A group of independent United Nations human rights experts today urged the Saudi Arabian Government to stop the imminent execution of Ali Mohammed al-Nimr, convicted for a crime he allegedly committed as a child.
According to a press release, Mr. al-Nimr, then a high school student, was arrested in 2012 when he was 17 by the Saudi authorities for his reported participation in ‘Arab Spring’ protests in Qatif, Eastern Province. The Specialized Criminal Court in May 2015 sentenced him to death for joining a criminal group and attacking police officers. He was reportedly subjected to torture and ill treatment by the General Investigation Directorate which forced him to confess the charges against him.
“Confessions obtained under torture are unacceptable and cannot be used as evidence before court. Any judgment imposing the death penalty upon persons who were children at the time of the offence, and their execution, are incompatible with Saudi Arabia’s international obligations,” said the Special Rapporteurs, while recalling the UN Convention on the Rights of the Child, to which Saudi Arabia is a party.
As per the news release, Mr. al-Nimr’s appeal made by his lawyer was heard without prior notification and the proceedings fell short of international standards.
“Mr. al-Nimr did not receive a fair trial and his lawyer was not allowed to properly assist him and was prevented from accessing the case file. International law, accepted as binding by Saudi Arabia, provides that capital punishment may only be imposed following trials that comply with the most stringent requirements of fair trial and due process, or could otherwise be considered an arbitrary execution,” said the experts.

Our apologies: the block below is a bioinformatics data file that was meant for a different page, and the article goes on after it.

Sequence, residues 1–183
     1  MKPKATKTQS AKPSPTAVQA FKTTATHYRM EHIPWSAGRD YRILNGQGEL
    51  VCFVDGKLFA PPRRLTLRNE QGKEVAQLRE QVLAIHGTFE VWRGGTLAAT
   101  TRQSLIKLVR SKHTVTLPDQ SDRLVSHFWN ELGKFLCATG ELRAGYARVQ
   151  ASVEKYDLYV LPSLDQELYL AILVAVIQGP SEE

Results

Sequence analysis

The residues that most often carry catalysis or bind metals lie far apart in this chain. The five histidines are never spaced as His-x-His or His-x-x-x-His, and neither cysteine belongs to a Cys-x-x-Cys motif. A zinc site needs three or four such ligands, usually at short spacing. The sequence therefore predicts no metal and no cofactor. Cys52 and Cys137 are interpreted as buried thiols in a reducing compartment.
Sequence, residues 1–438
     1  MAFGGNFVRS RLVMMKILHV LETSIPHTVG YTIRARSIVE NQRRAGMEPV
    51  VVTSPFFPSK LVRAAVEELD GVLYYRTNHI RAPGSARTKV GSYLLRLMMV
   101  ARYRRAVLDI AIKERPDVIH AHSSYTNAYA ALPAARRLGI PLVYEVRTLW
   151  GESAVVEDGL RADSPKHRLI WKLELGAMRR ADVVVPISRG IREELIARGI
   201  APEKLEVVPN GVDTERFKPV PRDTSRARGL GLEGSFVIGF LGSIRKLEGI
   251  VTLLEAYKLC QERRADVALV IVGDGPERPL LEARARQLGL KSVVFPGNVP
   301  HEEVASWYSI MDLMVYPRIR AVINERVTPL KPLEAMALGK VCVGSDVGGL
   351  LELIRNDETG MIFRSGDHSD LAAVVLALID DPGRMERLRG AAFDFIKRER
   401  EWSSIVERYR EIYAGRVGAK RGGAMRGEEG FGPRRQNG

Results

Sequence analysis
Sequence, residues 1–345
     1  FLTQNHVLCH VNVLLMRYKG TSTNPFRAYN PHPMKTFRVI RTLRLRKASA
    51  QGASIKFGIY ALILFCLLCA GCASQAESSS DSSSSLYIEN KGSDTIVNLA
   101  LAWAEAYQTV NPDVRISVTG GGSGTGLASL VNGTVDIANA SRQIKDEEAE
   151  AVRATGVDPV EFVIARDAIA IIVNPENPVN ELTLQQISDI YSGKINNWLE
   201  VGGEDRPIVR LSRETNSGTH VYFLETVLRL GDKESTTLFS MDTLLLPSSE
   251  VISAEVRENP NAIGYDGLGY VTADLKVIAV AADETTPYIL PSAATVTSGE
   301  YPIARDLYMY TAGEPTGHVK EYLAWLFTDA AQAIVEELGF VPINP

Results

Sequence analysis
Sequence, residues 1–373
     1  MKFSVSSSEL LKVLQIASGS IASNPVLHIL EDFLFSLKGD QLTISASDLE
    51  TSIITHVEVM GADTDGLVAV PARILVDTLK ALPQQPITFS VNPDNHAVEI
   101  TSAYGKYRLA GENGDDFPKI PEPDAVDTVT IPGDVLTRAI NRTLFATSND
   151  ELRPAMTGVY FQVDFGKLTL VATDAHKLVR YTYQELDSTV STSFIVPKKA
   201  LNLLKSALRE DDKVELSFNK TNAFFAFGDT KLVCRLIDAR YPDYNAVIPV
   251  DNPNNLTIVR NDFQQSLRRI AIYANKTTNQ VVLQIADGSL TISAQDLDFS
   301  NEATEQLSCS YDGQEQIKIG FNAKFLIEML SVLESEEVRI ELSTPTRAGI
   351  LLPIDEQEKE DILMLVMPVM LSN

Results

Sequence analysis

The Special Rapporteurs also asked the Saudi authorities to “ensure a fair retrial of Ali Mohammed al-Nimr and to immediately halt the scheduled execution.”
Two other individuals are at risk of an imminent execution after being arrested for their participation in Qatif when they were children.
“We urge the Saudi authorities to establish a moratorium on the use of the death penalty, halt executions of persons convicted who were children at the time of the offence, and ensure a prompt and impartial investigation into all alleged acts of torture,” urged the human rights experts.
Independent experts or special rapporteurs are appointed by the Geneva-based UN Human Rights Council to examine and report back on a country situation or a specific human rights theme. The positions are honorary and the experts are not UN staff, nor are they paid for their work.